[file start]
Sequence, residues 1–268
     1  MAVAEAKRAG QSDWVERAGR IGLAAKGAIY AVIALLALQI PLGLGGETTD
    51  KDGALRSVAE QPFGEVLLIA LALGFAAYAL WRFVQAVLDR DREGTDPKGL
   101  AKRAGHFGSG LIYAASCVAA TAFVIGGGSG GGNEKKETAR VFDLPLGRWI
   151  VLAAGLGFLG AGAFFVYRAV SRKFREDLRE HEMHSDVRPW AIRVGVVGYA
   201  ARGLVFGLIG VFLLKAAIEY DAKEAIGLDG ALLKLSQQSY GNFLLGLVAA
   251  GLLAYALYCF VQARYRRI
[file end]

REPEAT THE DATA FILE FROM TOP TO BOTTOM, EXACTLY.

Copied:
Sequence, residues 1–268
     1  MAVAEAKRAG QSDWVERAGR IGLAAKGAIY AVIALLALQI PLGLGGETTD
    51  KDGALRSVAE QPFGEVLLIA LALGFAAYAL WRFVQAVLDR DREGTDPKGL
   101  AKRAGHFGSG LIYAASCVAA TAFVIGGGSG GGNEKKETAR VFDLPLGRWI
   151  VLAAGLGFLG AGAFFVYRAV SRKFREDLRE HEMHSDVRPW AIRVGVVGYA
   201  ARGLVFGLIG VFLLKAAIEY DAKEAIGLDG ALLKLSQQSY GNFLLGLVAA
   251  GLLAYALYCF VQARYRRI